Exocubic Studio

Hello, Microbloggers! I’ve fully committed to the Micro.blog way, having nuked my Squarespace site and pulled everything – even my Instagram stuff – over here. A few minor hiccups, but things are at least where I want them to be.

Went for a #ride this morning at Soapstone Prairie. Such a beautiful, unforgiving landscape. The Wyoming border is maybe half a mile down that trail.

Nobody told me longer hair could be so… creative? Bedhead IS a thing.

(The snow took out one of the main trunks on our apple tree. Couldn’t have landed any better; no damage to the house!)

Say it ain't so. My trusty #Spyderco #Dragonfly, in my pocket for over 5 years, has a rival! That's saying a lot, as the little Dragonfly might just be one of the best folding knife designs EVAR. WHO COULD THIS INTERLOPER BE?!?

Ok, so, yeah; I got a new truck. The one that checked most of the boxes was the Ram 1500. Classic. (Cringe) — WARLOCK!!! Now, I get that this is a callback to the historical 1970's Dodge Warlock —  but why, why must all things truck be slathered with this hyper masculine, macho, manly man BULLSHIT?!? I need a truck to do my job, not to project my manly power into the world. Turning it up to 11 only makes you look laughably insecure. Stop that.

Found this old photo of a photo of a limestone carving I did 20 years ago. Can't remember the title, or where it ended up.

Roscoe wanting supper, or Mark wanting more than 750 followers on Insta? Same face.

Grid of my work. No particular rhyme or reason, just 9 I was really happy with.

"Scimitar Sun" as an #albumcover. What do you think?

So, is this really all there is to a business account here? If your not on Facebook, what's the point? And if you do have a Facebook account, what does "promoting" a post actually entail?

I am NOT ready for the #mtb season to end. Clinging to the last strands. #colorado #singletrack


I was 20 years old in 1986 when I walked into Dan Ostermiller’s studio and asked for a job. Up to then, I'd been helping my Dad build houses. I was young and naive and had no idea what it meant to be a professional artist, let alone understanding the much more specialized realm of the sculptor. I ground bronze and learned to weld it; we painted rubber and slung plaster to make molds; I learned pointing up and roughing in from maquette to monument. I put all this newfound knowledge to work, sculpting my own pieces and casting them in bronze.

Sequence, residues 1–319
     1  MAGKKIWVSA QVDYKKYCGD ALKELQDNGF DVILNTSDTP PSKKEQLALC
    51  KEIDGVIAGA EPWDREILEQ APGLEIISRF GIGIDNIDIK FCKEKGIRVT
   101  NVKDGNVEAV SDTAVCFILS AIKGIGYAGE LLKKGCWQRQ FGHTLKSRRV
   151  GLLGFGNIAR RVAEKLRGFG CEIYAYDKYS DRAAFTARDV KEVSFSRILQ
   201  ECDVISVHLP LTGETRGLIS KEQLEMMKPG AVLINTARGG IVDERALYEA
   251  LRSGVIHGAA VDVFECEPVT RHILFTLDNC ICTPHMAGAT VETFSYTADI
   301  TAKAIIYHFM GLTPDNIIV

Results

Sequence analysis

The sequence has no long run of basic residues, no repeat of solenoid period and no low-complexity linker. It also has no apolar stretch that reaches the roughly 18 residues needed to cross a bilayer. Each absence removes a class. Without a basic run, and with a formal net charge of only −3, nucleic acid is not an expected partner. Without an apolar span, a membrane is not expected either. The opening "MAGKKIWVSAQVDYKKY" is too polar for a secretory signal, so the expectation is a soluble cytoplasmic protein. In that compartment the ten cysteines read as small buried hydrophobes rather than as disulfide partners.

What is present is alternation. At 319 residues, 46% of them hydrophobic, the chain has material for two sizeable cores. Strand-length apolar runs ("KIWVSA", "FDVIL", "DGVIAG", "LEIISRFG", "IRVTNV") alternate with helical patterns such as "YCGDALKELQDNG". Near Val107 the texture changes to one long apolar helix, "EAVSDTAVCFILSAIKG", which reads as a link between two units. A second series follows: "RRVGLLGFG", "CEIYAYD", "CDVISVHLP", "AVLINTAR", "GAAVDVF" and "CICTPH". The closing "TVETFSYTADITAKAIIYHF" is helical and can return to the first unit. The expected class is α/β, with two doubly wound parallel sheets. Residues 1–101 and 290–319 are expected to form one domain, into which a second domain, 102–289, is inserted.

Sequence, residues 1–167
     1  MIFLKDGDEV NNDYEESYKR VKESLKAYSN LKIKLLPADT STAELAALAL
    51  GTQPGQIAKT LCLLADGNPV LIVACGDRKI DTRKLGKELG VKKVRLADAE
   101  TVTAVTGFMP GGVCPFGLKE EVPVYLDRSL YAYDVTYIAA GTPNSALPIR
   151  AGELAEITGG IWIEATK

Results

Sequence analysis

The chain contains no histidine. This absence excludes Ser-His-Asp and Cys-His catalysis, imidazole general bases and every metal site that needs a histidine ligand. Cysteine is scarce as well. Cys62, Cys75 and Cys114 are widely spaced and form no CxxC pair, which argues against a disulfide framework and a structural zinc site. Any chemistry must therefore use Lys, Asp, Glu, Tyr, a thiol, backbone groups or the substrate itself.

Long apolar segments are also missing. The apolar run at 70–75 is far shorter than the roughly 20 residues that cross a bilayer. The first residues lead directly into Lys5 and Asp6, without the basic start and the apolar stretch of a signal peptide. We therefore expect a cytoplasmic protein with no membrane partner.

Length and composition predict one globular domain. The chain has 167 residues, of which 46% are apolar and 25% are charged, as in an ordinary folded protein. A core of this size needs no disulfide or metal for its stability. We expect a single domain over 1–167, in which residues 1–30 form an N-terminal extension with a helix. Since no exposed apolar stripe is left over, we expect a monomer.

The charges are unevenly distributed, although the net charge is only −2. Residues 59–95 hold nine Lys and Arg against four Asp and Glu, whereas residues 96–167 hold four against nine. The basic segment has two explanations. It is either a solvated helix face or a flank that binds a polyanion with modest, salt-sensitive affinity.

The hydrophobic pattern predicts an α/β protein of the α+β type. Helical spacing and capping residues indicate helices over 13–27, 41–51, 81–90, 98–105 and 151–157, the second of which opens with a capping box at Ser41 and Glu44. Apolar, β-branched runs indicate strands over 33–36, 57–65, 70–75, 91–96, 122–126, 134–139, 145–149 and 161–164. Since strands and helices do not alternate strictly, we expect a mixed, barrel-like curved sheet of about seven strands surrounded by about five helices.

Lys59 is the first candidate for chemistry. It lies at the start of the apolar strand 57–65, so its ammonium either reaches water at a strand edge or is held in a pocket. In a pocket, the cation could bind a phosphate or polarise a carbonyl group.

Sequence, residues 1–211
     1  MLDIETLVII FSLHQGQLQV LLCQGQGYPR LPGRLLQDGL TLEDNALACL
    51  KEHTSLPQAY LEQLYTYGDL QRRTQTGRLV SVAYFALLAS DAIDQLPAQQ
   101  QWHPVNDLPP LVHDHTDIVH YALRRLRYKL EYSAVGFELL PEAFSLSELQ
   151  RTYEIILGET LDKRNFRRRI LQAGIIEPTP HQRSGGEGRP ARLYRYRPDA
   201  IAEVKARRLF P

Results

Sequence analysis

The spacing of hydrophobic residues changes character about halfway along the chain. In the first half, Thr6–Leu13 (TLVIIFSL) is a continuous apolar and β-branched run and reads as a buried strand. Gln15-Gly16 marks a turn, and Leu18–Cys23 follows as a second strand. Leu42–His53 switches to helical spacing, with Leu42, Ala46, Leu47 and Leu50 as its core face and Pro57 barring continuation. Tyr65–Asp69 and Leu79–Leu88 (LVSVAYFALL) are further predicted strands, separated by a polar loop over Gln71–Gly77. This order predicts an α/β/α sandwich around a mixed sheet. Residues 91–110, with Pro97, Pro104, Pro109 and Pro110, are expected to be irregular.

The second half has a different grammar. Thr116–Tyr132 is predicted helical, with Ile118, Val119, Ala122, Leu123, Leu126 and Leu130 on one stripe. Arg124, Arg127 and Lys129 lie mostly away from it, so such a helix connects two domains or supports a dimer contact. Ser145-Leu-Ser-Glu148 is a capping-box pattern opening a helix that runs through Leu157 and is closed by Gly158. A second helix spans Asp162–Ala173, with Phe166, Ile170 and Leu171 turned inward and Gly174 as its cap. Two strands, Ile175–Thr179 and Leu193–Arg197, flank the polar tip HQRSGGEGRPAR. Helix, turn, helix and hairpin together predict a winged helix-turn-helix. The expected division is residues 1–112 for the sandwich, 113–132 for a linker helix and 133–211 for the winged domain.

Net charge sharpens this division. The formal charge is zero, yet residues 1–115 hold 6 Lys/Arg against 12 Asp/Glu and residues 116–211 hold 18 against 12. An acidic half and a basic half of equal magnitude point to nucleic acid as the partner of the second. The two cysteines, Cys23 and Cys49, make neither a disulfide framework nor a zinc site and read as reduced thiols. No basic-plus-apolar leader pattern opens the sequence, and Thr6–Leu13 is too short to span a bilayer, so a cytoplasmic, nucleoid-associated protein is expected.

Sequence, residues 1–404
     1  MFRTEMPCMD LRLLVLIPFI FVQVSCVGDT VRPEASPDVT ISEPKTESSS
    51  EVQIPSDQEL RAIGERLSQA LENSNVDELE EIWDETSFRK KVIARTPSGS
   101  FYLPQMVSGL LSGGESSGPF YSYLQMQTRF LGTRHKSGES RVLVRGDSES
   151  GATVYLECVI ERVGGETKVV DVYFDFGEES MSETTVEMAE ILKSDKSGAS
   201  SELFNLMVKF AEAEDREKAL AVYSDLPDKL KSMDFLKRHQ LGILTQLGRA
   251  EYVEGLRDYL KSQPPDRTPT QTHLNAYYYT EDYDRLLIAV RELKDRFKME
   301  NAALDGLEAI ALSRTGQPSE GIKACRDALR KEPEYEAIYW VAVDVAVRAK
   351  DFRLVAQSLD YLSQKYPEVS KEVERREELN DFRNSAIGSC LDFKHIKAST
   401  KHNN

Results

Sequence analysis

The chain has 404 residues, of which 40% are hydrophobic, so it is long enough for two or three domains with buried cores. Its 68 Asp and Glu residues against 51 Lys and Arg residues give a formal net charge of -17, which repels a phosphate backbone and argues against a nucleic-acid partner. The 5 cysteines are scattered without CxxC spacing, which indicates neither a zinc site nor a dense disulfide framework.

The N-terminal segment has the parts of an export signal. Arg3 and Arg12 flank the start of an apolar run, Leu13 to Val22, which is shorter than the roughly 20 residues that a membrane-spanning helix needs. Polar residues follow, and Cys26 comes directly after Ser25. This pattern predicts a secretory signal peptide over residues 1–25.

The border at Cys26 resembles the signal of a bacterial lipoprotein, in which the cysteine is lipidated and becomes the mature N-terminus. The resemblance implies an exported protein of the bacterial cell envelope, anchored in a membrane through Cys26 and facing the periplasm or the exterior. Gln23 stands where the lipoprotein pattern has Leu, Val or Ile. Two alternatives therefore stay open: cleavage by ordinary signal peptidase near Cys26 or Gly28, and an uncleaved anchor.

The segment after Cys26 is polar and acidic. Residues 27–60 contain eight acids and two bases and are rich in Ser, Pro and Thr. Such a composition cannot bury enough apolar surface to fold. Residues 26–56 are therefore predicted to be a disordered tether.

Somehow, the artist in me that had previously enjoyed drawing and painting fell in love with form and space and shadow, and I spent every free penny I made turning my ideas into cast metal. Casting bronze is expensive, even with the discounts the foundries gave us “rats,” the green-tinged, bleary-eyed artisans who did the dirty work on the shop floor. I discovered Brancusi and stone carving, doubly excited by the cheap, plentiful medium and the thrill of turning an ugly rock into a work of art. Somewhere around this point in the timeline, Mr. Ostermiller and I had a falling out (I pissed him off) and I found myself once again walking into a sculptor’s studio to ask for a job. Kent Ullberg wasn't just the second sculptor I worked for, he became like a second father to me. The Swede opened my eyes to a more European view of the world and of art. He also entrusted me to manage his production at the foundry, as well as handling the enlargement of some of his most impressively-scaled works.

There are a many more details and people and crazy happenings to recount, but that gets too far afield from my point. The stone carving and the metal grinding and the construction work, not to mention a detour to make a few thousand Chipotle chairs for my friend Bruce, took a serious toll on my physical health. Couple that with the inevitable diminishing of aging eyesight and a restlessness to move away from committee-driven public art, and you have the perfect recipe for a personal reinvention. And so it is with a bittersweet heart that I formally end my career as a sculptor, moving forward with excitement and trepidation into a future of greater creative freedom and less physical pain. Stay tuned to see what happens on the next episode!

Stormy Peaks Trail, looking down on Pingree Park lakes.

#colorado #hike #bestkindoftired

Got some Alpine time in today. I can feel the tension fly away on the wind as soon as I step foot above treeline.


A couple pieces of news.

First, after 25 years together, I am no longer represented by the National Sculptors' Guild and Columbine Gallery.

Second, new developers have bought the building my shop was in. So, almost 4 years to the day since I moved in, (much like Elvis) I've exited the building.

Here it was in 2014, ready to get to work:

Interior of my shop, full

Hello Shop


Interior of shop, empty

Goodbye Shop

Man, these Colorado sunsets lately. Wow.

The dreaded selfie.

AAANND then there's this goofus.

fabricator fabricatin

Bit it on a trail run. Pick up yer feet, maggot!

Fun Weekend.

Got to hang out backstage at Red Rocks with the cool kids from Devotchka. Wow, chapter 1.

Sold out show for Devotchka and the Colorado Symphony Orchestra.

Sold out show for Devotchka and the Colorado Symphony Orchestra.


Followed that up with a trip to the Denver Botanic Gardens to check out the Chihuly glass work there. Amazeballs.